Self Reflected: Marvelous Images Showing What Your Brain Looks Like

There must be quiet a few people thinking that scientists can’t be artists. Yet, you will quickly change mind when seeing the artistic series of images created by artist and neuroscientist Dr. Greg Dunn, along with his collaborator Dr. Brian Edwards. This is a set of rainbow-colored images titled “Self Reflected” that offers an unprecedented insight of the brain into itself, revealing through a technique called reflective microetching, and revels the nature of human consciousness.

Scientifically, our brain has approximately 86 billion neurons joined together through some 100 trillion connections, giving rise to a complex biological machine capable of pulling off amazing feats. Traveling across half a million neurons and around two years to complete, the “Self Reflected” is likely the most complex and detailed artistic depiction of the brain in the world. It stands 8 feet tall and 12 feet wide, and depicts the visual cortex plate.

The series depicts a thin slice of the human brain at 22x the normal scale, each created through a combination of hand drawing, neuroscientific data, algorithmic simulation of neural circuitry, photolithography, strategic lighting design, and 1,750 sheets of 22k gold leaf.

"My work is neonaturalist, art based on natural forms and influenced by scientific advancements that allows us to perceive the universe beyond human senses," explains Dr. Greg Dunn in his artist statement. "Neonaturalism harmonises unfamiliar scientific imagery and techniques with an experimental artistic scaffolding.”And Dr. Brian Edwards added, "we, human, can't explain consciousness through an art piece, but we can give a sense of the fact that it is more complicated than just a few neurons."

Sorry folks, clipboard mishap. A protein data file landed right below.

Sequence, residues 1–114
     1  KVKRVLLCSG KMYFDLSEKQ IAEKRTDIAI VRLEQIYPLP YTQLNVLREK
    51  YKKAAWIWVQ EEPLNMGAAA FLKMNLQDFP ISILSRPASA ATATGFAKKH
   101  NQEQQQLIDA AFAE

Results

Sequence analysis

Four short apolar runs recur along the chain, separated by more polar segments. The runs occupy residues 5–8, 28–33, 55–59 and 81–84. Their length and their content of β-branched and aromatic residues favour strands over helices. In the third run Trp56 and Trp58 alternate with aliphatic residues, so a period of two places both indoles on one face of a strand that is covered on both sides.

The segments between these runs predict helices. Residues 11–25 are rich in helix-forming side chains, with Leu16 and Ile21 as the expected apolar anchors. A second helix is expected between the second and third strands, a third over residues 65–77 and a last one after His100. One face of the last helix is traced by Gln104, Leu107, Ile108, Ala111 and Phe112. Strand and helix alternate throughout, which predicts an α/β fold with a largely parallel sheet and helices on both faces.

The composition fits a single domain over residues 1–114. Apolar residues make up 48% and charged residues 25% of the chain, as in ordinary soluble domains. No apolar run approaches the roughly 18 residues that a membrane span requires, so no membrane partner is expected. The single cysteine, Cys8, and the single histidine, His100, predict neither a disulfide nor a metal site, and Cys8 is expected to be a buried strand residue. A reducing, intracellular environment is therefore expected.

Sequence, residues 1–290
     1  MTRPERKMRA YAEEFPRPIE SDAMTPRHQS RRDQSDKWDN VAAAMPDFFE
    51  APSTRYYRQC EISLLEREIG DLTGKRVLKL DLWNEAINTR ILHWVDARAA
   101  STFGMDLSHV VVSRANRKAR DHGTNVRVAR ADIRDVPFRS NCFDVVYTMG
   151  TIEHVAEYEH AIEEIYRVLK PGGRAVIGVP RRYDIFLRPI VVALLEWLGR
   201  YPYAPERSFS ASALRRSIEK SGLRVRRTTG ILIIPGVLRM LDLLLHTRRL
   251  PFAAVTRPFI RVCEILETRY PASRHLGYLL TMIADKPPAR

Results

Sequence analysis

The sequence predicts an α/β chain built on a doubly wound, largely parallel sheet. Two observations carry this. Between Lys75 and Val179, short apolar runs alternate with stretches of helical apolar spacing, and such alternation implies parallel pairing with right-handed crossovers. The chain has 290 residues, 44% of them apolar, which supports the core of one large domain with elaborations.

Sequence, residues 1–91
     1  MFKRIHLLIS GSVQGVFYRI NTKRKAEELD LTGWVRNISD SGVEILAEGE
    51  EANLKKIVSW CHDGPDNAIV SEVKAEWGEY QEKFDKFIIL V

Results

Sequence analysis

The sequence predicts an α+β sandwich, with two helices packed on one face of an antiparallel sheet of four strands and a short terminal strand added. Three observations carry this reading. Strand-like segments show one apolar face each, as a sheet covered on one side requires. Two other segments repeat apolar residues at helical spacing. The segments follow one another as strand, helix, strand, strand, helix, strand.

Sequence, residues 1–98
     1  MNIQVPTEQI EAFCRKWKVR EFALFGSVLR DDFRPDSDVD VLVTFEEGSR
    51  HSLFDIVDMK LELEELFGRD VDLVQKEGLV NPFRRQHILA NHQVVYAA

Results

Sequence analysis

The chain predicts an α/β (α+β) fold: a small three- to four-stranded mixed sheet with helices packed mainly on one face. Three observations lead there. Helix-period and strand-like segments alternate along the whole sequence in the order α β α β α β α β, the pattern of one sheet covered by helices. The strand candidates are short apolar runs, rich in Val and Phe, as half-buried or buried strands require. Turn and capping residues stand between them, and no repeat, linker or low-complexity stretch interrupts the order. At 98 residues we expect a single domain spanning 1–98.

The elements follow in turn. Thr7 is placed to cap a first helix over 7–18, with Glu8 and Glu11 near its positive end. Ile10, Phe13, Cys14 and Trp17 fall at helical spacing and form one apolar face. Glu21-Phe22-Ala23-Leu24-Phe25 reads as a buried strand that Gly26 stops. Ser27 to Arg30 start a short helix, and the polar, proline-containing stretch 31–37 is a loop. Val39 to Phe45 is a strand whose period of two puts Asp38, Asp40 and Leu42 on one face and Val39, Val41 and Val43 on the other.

Two artists hope their work will inspire people, even professional neuroscientists, "to take a moment and remember that our brains are absolutely insanely beautiful and they are buzzing with activity every instant of our lives,” Dr. Greg Dunn said. “Everybody takes it for granted; however, the most marvelous machine in the known universe is at the core of our being and is the root of our shared humanity.”

(Self Reflected was funded the National Science Foundation, and its first iteration is on permanent view at the Franklin Institute in Philadelphia, PA.)


(Make sure to visit

Dr. Greg Dunn and Dr. Brian Edwards's websites,

to explore more detailed and scitific processes.)

All the photos are from the web and the copyright retains with the original author. If there is any problem, please contact us.
You Might Also Like
Fishing-Work: Photographer being an Alaskan Crab Fisherman in the Bering StraitFishing-Work: Photographer being an Alaskan Crab Fisherman in the Bering StraitWith examining man’s relationship with the natural world, including animals, food production, and environmental issues, Corey Arnold has worked as a photographer and seasonal commercial fisherman in ...
What Does Our Planet Look Like From the SpaceWhat Does Our Planet Look Like From the SpaceUndoubtedly, there is never lack of tentative and intrepid exploration on the world, the Earth and even out of our planet. The science of astrobiology also attempts to answer some of the big ...
Miniature Calendar: Creative Daily Life Scenes in the Miniature WorldMiniature Calendar: Creative Daily Life Scenes in the Miniature WorldBigger doesn't always mean better, as Japanese artist and photographer Tatsuya Tanaka proves with these tiny dioramas that he makes for his ongoing project "Miniature ...
China Red: Impression of China in Western Photographer's PerspectiveChina Red: Impression of China in Western Photographer's PerspectiveComparing to the West, China, the country famous for its rich heritage and culture, has a surprisingly different and more powerful color symbolism, and has used brilliant colors for more than ...